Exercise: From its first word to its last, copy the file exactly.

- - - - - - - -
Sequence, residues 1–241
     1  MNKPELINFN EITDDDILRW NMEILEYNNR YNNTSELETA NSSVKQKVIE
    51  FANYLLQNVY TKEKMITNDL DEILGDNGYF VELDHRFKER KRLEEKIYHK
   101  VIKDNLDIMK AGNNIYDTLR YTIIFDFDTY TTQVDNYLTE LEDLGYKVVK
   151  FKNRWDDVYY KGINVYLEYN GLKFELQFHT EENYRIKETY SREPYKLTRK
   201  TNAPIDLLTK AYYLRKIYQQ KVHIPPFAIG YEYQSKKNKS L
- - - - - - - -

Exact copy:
Sequence, residues 1–241
     1  MNKPELINFN EITDDDILRW NMEILEYNNR YNNTSELETA NSSVKQKVIE
    51  FANYLLQNVY TKEKMITNDL DEILGDNGYF VELDHRFKER KRLEEKIYHK
   101  VIKDNLDIMK AGNNIYDTLR YTIIFDFDTY TTQVDNYLTE LEDLGYKVVK
   151  FKNRWDDVYY KGINVYLEYN GLKFELQFHT EENYRIKETY SREPYKLTRK
   201  TNAPIDLLTK AYYLRKIYQQ KVHIPPFAIG YEYQSKKNKS L